On Minnie walks sometimes I am just standing there, and so I look around. Sometimes I even find we are walking backwards, so I look at the place from where we just came. And what I have found is an assault upon my senses: the beauty of rain drops on my face; the magic of a leaf falling, twisting as it floats to earth. Things smell differently when I slow down; maybe that is just a sympathetic response to what Minnie is experiencing, but the point is, on these slow walks, this intentional time of subordinating my power for Minnie’s preference, I find I see the infinitude of beauty coming into my singular point of view; and it is divine and sort of eternal.
Would these Thursday Minnie walks be awesome for everyone? Watching Minnie sniff stuff. Feeling the rain on your face. Looking at colored houses and over grown lawns. Getting pulled hither and yon. Is the beauty I absorb into my particular point of view on these slow walks the same beauty you would experience? Or is beauty just in the eye of the beholder?
Von Balthasar would say: “No! Beauty is not just in the eye of the beholder.” If God is constant, unchanging and true, and if the infinitude of beauty comes upon us as a way of preparing us to see God face to face, then beauty too must be objective; constant, unchanging, and true.
Which brings me to Epiphany. This place represents to us an agreed upon beauty; an objective beauty we have said “yes” to by our presence here over time: The windows, and the music, and the wood, and the flowers, and the liturgy and poetry, all landing upon the singular focal point that is you and you and you and me. This is our agreed upon aesthetic, done to acknowledge the objective constant, unchanging, infinite nature of God.
What we do here is ritual, communal acknowledgement that God, like beauty, is objective; and God, like beauty, is continuously coming at all of us, all of the time.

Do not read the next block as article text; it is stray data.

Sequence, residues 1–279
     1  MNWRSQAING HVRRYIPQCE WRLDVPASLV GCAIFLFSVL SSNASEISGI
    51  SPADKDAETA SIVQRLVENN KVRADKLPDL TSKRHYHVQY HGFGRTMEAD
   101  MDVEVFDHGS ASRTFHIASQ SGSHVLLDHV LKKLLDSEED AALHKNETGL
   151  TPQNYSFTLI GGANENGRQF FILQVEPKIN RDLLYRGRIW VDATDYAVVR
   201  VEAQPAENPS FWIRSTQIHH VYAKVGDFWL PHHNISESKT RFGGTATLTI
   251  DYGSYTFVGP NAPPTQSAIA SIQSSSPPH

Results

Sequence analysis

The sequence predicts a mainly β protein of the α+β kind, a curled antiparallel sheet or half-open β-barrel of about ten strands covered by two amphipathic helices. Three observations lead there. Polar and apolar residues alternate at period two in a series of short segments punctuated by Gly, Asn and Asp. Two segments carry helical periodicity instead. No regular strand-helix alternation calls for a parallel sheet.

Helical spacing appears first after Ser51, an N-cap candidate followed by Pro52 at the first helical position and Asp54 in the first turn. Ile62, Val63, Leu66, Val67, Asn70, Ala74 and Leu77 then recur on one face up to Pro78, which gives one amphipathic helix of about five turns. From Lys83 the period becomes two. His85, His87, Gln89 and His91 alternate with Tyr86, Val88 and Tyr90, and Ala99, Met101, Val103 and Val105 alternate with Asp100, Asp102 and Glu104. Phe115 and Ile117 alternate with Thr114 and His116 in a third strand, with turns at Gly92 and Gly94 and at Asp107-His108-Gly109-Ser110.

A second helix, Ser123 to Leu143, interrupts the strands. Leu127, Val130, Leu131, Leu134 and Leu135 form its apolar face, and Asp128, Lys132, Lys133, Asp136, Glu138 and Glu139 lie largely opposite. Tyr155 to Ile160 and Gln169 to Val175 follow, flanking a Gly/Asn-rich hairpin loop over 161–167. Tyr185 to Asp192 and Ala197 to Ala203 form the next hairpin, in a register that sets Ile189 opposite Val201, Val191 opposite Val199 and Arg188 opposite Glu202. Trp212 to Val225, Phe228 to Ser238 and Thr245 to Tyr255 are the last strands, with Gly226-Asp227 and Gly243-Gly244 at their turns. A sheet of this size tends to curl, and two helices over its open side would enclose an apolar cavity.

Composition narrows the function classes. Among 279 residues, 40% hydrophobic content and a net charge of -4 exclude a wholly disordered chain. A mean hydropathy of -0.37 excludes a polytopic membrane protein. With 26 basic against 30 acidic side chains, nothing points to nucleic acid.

Now is the beauty that we’ve agreed upon here the only or best beauty there is? Of course not! It is just the beauty we put forth as our way of acknowledging and indeed worshiping the God we expect to meet face to face.
Which brings me back to Thursdays and Minnie. You might ask: “Doyt, if you want to be more aware of the beauty of the greater Temple in which your Temple sits why don’t you just do a slow walk with Minnie every day?” I suppose that is an option for some; maybe for my monk friend Dennis who is leading the Men’s retreat or for a Carmelite nun… maybe. But not for me. I was made to run in the world. I do not have the endurance to keep up that kind of vigilant exposure to beauty.
The best I can do is Thursday, and that, I might add, may, at some point, get displaced if my selfish will decides to diminish beauty in favor of productivity.
Which again brings us back to the church, and our need for the church. The liturgical patterns that the church has developed over the last 2000 years were designed to train us to stay alert, even as they compensate for our lack of endurance.
Here is how it works. I’ll tell you a story. Once a woman came to my office. She was going through some really tough stuff. The first words out of her mouth were: “I’m in Lent.” It was July. We weren’t in Lent. But I knew what she was talking about because she knew what it felt like to be in Lent. She went to church and lived the cycles of the church season, and because of her yearly experience of Lent, when these tough times came upon her, was able to endure with grace, and more so, be positively transformed by the experience knowing resurrection would eventually arrive.
Advent is the next season we enter into. It is the season where we practice waiting for God, so when the day comes, and our Temples dissolve, and we find ourselves standing face to face with our Lord, we are happily prepared. So here we sit in the midst of our agreed upon beauty, practicing, season after season, exercises that train for vigilance despite our lack of endurance, forming us to be our best selves now, even as we are preparing for our eternal life with God face to face. Beauty is our watch word given as an experiential metaphor, so we can know the awesome, infinite nature of God.
That is what happens here at your church… amongst other things. Consider this with gratitude as you consider your annual pledge.